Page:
For the last two years at Design Bridge in Amsterdam, we have hosted bi-monthly talks with inspirational guest speakers – we call it ‘At the Bar‘. So far, we have enjoyed evenings with architects, world renowned photographers, chocolate expert, food architects… the list goes on.
Last week we had the pleasure of welcoming American sign-painter, Mike Meyer in to our studio. Mike was over in Amsterdam for a few busy days to host some sign-painting workshops – and for the Amsterdam screening of ‘Signpainters the movie‘, a sign-painting documentary he was involved with. So we thought it was was a great opportunity to ask him to come in and show us how it’s done!
6pm, Thursday arrived – and the larger than life ball of energy that is Mike Meyer cruised into our lane on a low-rider pedal bike, shoes splattered with fresh wet-paint from an afternoon sign-painting. Originally from Mazeppa, Minnesota (population 800!), he is the son of a barber who dabbled in painting signs between haircuts – and that’s where it all started. Since then, Mike has done nothing but paint signs. Even in his three year stint in the US Army, he made signs.
Full of anecdotes and hilarious one-liners, he charmed us with tales of starting up his business by trading his sign painting skills for favours from local mechanics, carpenters and builders. Completely self taught, his curious mind and hunger to do new things has meant he has never stopped learning. He continues to take on new challenges that he solves with practical and creative solutions. For example, working out how to paint a huge full colour ‘floor tattoo’ for a creative agency in Chicago. Gold leaf on a pub wall in an old London style? No problem. He deliberately takes jobs that push him to learn new techniques and skills.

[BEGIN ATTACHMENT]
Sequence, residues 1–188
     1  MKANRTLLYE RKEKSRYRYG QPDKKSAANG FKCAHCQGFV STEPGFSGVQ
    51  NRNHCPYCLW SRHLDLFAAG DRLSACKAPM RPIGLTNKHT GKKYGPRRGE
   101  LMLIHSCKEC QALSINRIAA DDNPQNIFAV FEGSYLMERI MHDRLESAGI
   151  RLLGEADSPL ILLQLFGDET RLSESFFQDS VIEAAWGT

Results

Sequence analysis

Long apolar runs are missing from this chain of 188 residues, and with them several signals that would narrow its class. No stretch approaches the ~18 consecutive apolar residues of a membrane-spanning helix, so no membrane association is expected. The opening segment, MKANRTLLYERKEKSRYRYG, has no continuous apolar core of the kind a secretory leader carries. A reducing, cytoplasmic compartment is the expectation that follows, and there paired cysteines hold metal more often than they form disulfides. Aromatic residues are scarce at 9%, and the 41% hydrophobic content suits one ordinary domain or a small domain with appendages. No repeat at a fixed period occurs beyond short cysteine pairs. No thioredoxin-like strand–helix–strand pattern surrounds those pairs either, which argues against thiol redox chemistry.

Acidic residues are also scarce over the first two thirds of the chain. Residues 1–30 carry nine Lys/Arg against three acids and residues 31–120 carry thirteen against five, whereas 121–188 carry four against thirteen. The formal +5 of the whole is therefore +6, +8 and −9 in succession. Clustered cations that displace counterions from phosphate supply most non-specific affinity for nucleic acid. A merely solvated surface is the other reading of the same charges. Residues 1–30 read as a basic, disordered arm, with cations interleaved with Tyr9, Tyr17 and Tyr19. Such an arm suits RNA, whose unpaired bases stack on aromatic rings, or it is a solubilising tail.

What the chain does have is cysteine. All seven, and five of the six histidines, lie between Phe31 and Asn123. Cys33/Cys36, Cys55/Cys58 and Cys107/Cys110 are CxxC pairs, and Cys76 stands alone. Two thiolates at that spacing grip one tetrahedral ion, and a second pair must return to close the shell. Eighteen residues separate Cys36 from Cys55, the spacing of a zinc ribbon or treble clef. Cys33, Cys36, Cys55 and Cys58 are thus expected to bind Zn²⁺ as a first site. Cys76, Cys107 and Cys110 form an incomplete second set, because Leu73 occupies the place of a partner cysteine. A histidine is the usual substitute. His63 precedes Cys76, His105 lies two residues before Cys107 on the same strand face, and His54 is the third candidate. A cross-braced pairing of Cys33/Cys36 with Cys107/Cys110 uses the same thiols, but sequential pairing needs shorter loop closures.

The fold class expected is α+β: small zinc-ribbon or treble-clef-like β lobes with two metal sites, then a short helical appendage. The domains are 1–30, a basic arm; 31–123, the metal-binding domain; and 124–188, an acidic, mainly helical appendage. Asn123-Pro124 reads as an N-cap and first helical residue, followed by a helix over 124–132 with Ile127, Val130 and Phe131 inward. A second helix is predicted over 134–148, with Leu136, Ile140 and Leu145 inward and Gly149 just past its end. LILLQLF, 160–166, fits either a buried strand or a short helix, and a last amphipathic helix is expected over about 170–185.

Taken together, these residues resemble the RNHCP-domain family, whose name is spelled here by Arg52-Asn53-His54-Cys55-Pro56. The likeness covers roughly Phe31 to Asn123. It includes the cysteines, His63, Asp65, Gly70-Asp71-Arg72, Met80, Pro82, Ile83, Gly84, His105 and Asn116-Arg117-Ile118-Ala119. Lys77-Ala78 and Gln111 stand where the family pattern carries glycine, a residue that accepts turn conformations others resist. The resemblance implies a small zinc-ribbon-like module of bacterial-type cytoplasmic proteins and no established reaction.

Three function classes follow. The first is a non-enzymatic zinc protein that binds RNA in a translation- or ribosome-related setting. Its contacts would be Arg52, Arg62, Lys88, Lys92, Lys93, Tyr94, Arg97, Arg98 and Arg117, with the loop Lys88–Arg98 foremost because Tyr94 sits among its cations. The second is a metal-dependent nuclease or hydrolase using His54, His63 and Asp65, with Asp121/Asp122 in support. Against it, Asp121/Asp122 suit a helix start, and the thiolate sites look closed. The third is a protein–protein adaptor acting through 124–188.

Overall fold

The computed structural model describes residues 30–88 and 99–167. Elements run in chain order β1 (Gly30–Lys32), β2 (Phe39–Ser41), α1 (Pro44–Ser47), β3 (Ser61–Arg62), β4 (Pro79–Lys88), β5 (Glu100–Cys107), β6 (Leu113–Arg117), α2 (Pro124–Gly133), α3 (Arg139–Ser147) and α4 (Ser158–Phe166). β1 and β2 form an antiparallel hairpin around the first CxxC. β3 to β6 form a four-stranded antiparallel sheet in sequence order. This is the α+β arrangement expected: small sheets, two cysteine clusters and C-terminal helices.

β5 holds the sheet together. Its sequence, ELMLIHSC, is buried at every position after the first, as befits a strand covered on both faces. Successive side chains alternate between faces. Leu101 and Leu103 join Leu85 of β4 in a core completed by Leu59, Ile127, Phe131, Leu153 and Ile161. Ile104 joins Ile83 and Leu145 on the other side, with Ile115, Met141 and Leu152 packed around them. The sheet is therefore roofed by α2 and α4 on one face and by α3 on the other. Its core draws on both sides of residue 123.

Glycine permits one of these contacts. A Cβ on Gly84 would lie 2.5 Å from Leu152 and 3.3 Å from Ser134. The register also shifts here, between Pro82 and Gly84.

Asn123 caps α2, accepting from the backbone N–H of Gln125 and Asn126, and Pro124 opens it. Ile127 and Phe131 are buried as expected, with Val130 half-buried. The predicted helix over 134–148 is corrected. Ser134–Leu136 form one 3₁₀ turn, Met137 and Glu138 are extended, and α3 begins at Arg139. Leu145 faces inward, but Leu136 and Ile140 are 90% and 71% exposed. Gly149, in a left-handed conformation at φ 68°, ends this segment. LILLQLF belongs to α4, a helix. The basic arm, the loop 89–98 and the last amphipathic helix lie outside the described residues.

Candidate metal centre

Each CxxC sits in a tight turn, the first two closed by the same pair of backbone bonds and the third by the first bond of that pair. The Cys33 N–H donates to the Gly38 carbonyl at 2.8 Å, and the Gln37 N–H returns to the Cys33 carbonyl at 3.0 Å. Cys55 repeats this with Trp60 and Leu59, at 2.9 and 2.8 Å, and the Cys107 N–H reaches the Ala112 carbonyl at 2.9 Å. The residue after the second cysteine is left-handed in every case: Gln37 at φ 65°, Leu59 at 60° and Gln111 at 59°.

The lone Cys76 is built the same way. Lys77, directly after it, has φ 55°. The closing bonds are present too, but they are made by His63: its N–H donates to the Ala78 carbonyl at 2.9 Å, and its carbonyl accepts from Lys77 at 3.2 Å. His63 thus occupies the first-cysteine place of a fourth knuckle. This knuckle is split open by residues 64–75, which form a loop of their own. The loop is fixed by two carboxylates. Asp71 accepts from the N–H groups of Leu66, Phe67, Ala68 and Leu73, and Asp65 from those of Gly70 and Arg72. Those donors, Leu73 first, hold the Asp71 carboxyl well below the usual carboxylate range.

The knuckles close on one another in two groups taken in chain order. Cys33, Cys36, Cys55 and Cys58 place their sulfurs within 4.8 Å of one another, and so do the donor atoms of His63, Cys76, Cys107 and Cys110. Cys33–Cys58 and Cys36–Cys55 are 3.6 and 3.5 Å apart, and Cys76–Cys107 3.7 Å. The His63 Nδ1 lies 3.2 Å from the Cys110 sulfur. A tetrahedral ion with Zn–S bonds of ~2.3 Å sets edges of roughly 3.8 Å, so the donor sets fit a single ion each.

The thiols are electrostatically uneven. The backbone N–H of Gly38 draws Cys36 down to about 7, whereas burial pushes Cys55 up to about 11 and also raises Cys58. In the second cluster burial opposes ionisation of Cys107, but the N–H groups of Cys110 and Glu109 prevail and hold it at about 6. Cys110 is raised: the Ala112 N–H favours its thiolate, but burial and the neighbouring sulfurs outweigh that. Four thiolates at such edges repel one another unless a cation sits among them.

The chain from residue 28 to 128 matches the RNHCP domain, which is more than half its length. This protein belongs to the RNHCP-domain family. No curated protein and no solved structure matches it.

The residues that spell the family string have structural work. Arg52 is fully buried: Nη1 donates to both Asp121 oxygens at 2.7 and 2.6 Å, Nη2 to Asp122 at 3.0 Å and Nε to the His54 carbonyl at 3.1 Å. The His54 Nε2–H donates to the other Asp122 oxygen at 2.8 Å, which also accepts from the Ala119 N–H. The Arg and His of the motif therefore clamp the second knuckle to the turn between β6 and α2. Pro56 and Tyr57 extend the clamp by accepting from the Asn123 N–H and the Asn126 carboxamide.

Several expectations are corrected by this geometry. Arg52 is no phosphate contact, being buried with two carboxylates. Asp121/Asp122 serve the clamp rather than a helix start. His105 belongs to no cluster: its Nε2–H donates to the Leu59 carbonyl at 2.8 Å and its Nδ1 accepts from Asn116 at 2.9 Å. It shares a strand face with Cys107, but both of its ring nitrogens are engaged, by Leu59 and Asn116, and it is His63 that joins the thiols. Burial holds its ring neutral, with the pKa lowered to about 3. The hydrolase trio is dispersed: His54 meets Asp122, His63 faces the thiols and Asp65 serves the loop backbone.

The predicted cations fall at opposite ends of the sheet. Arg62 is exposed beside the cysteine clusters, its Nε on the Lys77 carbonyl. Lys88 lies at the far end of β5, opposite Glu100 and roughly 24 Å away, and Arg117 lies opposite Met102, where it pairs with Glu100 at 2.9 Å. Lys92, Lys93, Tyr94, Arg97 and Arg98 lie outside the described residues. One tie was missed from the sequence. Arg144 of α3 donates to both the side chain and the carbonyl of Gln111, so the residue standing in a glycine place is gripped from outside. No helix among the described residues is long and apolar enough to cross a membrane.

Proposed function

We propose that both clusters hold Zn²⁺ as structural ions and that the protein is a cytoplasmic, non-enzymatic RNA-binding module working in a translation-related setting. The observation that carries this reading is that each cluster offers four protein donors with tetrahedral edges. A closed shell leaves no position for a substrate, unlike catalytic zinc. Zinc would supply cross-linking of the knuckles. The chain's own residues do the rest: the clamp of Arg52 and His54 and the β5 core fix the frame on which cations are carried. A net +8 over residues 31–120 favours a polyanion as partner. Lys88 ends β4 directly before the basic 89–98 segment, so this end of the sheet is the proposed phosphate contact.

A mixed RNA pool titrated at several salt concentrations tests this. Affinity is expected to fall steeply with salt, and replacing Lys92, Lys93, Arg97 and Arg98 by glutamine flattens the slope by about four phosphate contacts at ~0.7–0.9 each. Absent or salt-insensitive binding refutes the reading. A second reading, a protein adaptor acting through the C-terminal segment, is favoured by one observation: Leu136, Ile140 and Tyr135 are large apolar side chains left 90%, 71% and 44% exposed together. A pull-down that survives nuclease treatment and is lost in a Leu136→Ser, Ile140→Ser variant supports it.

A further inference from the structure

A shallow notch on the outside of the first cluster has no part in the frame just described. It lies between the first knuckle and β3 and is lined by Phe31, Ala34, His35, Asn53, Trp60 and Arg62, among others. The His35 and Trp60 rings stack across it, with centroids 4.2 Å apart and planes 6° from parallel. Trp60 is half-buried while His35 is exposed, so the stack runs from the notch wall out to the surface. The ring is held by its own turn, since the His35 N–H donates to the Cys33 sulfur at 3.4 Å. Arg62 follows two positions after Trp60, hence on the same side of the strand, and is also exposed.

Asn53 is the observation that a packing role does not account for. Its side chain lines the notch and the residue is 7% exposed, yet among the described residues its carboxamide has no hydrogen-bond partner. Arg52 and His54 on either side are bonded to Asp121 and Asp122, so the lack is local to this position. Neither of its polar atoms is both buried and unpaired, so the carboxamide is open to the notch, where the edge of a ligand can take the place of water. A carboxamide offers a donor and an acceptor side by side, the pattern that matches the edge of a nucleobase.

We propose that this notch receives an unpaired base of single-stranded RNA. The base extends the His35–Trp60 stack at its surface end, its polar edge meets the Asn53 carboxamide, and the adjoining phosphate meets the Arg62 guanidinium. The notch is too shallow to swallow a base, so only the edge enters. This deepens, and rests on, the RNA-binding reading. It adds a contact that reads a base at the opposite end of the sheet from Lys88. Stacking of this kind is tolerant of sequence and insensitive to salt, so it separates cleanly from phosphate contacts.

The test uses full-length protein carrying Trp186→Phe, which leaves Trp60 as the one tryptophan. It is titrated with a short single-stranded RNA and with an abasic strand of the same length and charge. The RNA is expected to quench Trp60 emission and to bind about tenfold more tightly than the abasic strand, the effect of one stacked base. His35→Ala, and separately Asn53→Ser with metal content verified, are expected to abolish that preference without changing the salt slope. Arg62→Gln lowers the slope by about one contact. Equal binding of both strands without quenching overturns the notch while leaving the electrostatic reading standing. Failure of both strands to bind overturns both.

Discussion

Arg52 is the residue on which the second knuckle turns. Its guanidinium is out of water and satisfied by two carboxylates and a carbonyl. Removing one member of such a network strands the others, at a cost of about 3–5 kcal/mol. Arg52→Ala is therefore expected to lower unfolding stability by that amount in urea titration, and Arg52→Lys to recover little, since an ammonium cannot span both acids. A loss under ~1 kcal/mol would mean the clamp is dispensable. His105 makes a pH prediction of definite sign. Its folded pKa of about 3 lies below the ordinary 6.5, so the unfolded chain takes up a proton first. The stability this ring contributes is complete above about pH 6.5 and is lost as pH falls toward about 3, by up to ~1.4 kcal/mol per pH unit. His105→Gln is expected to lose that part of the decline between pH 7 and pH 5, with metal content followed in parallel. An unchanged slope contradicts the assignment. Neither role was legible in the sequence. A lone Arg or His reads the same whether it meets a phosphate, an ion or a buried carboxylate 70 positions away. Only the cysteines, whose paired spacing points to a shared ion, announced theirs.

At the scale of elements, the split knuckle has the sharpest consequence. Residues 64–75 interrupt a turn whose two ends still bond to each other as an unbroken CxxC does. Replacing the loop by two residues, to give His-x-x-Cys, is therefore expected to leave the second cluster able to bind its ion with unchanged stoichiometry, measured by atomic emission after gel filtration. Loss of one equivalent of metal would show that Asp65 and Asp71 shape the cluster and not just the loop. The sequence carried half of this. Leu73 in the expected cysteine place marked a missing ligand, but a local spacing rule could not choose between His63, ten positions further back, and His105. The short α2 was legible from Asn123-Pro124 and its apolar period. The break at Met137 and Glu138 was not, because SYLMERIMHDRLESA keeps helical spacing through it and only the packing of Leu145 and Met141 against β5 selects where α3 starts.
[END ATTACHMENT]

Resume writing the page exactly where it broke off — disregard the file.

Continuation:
His experience and well-honed skills were clear to see as he gave some quick demonstrations in front of us. We were given a chance to have a go too – it quickly became clear that it wasn’t quite as easy as he made it look.
He spoke of how the emergence of quick, cheap and convenient digital cut vinyls in the 70’s and 80’s almost completely took over the art of true sign-painting. But Mike’s story was one of real craftsmanship – and he’s delighted that a renewed appreciation for doing things properly with time, care and effort is being respected and embraced again. The popularity of his workshops and film screenings in Amsterdam is testament to that.
Now he not only has his business in Mazeppa, but he travels the world teaching sign painting – done the proper way! His down-to-earth style, wit and charm has clearly made him many friends around the world – and at Design Bridge, Amsterdam.
What came across loud and clear is that he doesn’t do it for the money or fame. He just does it for the love of it – and enjoys that it can make so many people happy.